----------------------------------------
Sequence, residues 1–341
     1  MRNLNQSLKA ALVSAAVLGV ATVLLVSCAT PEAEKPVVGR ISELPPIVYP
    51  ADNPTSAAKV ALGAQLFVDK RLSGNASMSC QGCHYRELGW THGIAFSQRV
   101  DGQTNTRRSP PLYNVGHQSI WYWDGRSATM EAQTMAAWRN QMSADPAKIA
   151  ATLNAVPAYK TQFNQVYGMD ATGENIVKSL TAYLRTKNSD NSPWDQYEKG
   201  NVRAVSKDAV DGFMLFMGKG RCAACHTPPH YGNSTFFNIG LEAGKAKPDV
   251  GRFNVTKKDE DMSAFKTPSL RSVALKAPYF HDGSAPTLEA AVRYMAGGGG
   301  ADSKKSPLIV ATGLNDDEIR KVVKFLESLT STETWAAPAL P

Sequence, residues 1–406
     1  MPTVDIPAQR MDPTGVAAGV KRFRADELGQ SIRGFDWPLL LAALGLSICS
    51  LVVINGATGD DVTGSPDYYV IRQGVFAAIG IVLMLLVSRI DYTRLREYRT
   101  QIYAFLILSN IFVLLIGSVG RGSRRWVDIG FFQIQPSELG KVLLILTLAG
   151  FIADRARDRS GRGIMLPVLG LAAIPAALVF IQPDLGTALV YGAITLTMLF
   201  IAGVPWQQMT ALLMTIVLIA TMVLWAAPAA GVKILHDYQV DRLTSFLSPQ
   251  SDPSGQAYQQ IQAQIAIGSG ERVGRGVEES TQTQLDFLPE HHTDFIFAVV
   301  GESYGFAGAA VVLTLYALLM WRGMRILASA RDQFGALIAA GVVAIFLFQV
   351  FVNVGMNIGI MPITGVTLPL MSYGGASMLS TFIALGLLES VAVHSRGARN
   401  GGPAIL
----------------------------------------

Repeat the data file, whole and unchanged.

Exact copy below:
Sequence, residues 1–341
     1  MRNLNQSLKA ALVSAAVLGV ATVLLVSCAT PEAEKPVVGR ISELPPIVYP
    51  ADNPTSAAKV ALGAQLFVDK RLSGNASMSC QGCHYRELGW THGIAFSQRV
   101  DGQTNTRRSP PLYNVGHQSI WYWDGRSATM EAQTMAAWRN QMSADPAKIA
   151  ATLNAVPAYK TQFNQVYGMD ATGENIVKSL TAYLRTKNSD NSPWDQYEKG
   201  NVRAVSKDAV DGFMLFMGKG RCAACHTPPH YGNSTFFNIG LEAGKAKPDV
   251  GRFNVTKKDE DMSAFKTPSL RSVALKAPYF HDGSAPTLEA AVRYMAGGGG
   301  ADSKKSPLIV ATGLNDDEIR KVVKFLESLT STETWAAPAL P

Sequence, residues 1–406
     1  MPTVDIPAQR MDPTGVAAGV KRFRADELGQ SIRGFDWPLL LAALGLSICS
    51  LVVINGATGD DVTGSPDYYV IRQGVFAAIG IVLMLLVSRI DYTRLREYRT
   101  QIYAFLILSN IFVLLIGSVG RGSRRWVDIG FFQIQPSELG KVLLILTLAG
   151  FIADRARDRS GRGIMLPVLG LAAIPAALVF IQPDLGTALV YGAITLTMLF
   201  IAGVPWQQMT ALLMTIVLIA TMVLWAAPAA GVKILHDYQV DRLTSFLSPQ
   251  SDPSGQAYQQ IQAQIAIGSG ERVGRGVEES TQTQLDFLPE HHTDFIFAVV
   301  GESYGFAGAA VVLTLYALLM WRGMRILASA RDQFGALIAA GVVAIFLFQV
   351  FVNVGMNIGI MPITGVTLPL MSYGGASMLS TFIALGLLES VAVHSRGARN
   401  GGPAIL